Halo Reach-ing: Searching For Answers in Halo’s Scrambled Canon
Around the release of the first Halo game, sci-fi author Eric Nylund worked with Bungie to write Halo: The Fall of Reach – at the time, the official, authorized prequel to the first game. I found it an enjoyable read, and think it’s worth checking out.
That said, Microsoft appears to have been fine with letting someone else author the events surrounding the destruction of Reach as long as they weren’t trying to make money off it themselves. The result is a vast, obvious difference between some events in Halo: Reach and Nylund’s novel. There are plenty of contradictions I personally noticed from finishing the game and the book, but I want to avoid any that would also be obvious spoilers. So here’s a brief highlight:
- In the game, Reach falls over an extended week-long ground campaign. In the book, Reach is glassed in less than a day, following a lopsided space fleet battle.
- In the book, the Covenant discovers Reach following a previous battle, and promptly attacks. In the game, a significant Covenant force has secretly been on the planet for up to weeks prior to the first level.
- In the book, the Master Chief and his squad represent the last remaining Spartan soldiers. In the game, Noble Team is either an unaccounted addition, or from an entirely separate program altogether.
- In the book, the Pillar of Autumn aborts its secret mission and returns to fight in the space battle around Reach. In the game, the ship hasn’t even left drydock yet.
- In the book, Master Chief is fighting aboard a space station before the Autumn escapes. In the game, he’s cargo awaiting his introduction in the first Halo.
The lads at Halopedia and similar fan sites are naturally having a shit-fit trying to make all these loose threads tie together. Thing is, the games’ collective continuity makes sense if they are the only point of reference used. It’s when you add tie-in media, like Nylund’s book, that things get confused.
So the simplest solution is that Eric Nylund’s novel is suddenly no longer a part of the official Halo story. But that’s throwing out three books worth of previously official backstory on a whim, not to mention the time and effort he personally invested in writing it. And if true, then why reprint his contradictory novel for the upcoming game release? And also hire him to write the journal for the Limited Edition?
The simplest answer to every question or contradiction here is money. Reach needed to become a major engagement, not only in importance but also in scope, to accommodate levels of a video game. Nylund’s book is getting a reprint because it’s additional revenue capitalizing on hype already generated for the game release. There are more Spartans than there were originally, or additional programs to include more, because Microsoft now intends to exploit Halo as a powerhouse franchise. You might as well ask why Spartan soldiers at the beginning of the Halo story (in Reach) can use armor abilities that Master Chief never saw later (Halo 1-3), or why the Chief suddenly can dual-wield guns in Halo 2 but never had the thought in Halo 1. They’re new additions to freshen up gameplay for a new game release. The answer is still money.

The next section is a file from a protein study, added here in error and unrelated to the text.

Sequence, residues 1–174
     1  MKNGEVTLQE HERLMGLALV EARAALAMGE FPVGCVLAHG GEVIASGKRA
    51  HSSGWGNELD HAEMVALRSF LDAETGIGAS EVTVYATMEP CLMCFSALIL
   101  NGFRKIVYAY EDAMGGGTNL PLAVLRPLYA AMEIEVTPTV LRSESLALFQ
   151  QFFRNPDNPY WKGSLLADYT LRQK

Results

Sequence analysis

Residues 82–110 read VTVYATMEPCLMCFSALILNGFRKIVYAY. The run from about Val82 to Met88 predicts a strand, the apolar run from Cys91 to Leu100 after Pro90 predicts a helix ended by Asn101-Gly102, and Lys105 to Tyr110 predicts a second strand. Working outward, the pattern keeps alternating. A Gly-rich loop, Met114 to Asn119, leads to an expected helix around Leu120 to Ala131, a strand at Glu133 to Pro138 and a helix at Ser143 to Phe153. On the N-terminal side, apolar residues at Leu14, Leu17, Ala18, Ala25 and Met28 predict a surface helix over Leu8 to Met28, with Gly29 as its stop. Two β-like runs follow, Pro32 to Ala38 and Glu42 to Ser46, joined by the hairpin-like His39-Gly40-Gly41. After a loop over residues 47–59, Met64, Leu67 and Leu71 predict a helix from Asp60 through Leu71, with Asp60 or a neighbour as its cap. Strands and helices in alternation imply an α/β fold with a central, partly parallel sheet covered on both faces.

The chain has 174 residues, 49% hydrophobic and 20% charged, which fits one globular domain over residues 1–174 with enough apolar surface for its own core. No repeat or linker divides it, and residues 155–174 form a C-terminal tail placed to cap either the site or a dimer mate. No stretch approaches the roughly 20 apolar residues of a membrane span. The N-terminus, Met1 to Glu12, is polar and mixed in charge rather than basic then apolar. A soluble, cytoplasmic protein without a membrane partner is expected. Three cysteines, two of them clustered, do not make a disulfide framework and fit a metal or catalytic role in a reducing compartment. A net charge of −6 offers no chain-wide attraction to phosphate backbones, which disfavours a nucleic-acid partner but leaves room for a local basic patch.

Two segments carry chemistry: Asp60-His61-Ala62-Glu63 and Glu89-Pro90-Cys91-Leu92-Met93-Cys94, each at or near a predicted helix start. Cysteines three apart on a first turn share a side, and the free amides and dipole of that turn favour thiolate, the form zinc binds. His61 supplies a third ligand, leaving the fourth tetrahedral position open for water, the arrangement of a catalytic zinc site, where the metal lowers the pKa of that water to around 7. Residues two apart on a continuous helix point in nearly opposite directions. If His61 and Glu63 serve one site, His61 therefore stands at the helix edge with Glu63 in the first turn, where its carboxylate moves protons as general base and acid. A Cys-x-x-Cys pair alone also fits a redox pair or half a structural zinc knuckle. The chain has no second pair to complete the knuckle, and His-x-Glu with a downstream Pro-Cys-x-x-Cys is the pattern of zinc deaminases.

Furthermore, it’s not like this is new practice for Bungie. Marathon ends with the player having fended off the Pfor invasion and watching Durandal escape in a stolen alien vessel. Marathon 2 suggests that sometime after Leela informs you that Durandal’s ship left “20 minutes ago,” he turns that thing around, kidnaps you without your knowledge, and wakes you from stasis seventeen years later at the exact point that the first game’s ending screen left off. And the colony you successfully defended at the end of Marathon is now destroyed at the beginning of Marathon 2. The comic scene calls this “retconning.” I call it “The George Lucas Maneuver.”
I think this poses a serious question as games make the transition into franchises and consistent narrative universes. Is it the company’s responsibility to guard and respect the story as established in previous games, or are they free to do whatever the hell they like with it? Legally, creatively, the answer is the latter. But is that fair? Is it right to take Nylund’s work and say it no longer applies? Is it right to redesign Dante after four games, or give Samus a personality that might not fit the previous games, especially if so many people have identified with and invested in the character or the world? For example, would you be as excited for Half Life 2: Episode 3 if it was a major departure from, and didn’t conclude the story of, the previous Half Life games?
Or is “canon” just the realm of nerds who just like connecting dots that may or may not have ever been intentionally linked? There’s certainly a strong precedent for successful game series that don’t follow a linear, or even connected, timeline (see Prince of Persia, Call of Duty, Mario, Zelda, Tomb Raider, Final Fantasy). Is a continuous story really necessary in the games industry?
Is a franchise the sole property of its creator (like Lucas treats Star Wars) to do with however he or she sees fit, or once enough people care about and invest in that creative world, does it become something more communal?